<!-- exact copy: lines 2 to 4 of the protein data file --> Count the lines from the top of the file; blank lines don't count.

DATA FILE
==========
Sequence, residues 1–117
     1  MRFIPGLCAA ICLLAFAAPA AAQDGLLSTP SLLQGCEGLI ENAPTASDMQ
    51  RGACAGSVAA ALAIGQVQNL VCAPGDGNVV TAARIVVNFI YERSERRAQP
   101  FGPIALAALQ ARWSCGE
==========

     1  MRFIPGLCAA ICLLAFAAPA AAQDGLLSTP SLLQGCEGLI ENAPTASDMQ
    51  RGACAGSVAA ALAIGQVQNL VCAPGDGNVV TAARIVVNFI YERSERRAQP
   101  FGPIALAALQ ARWSCGE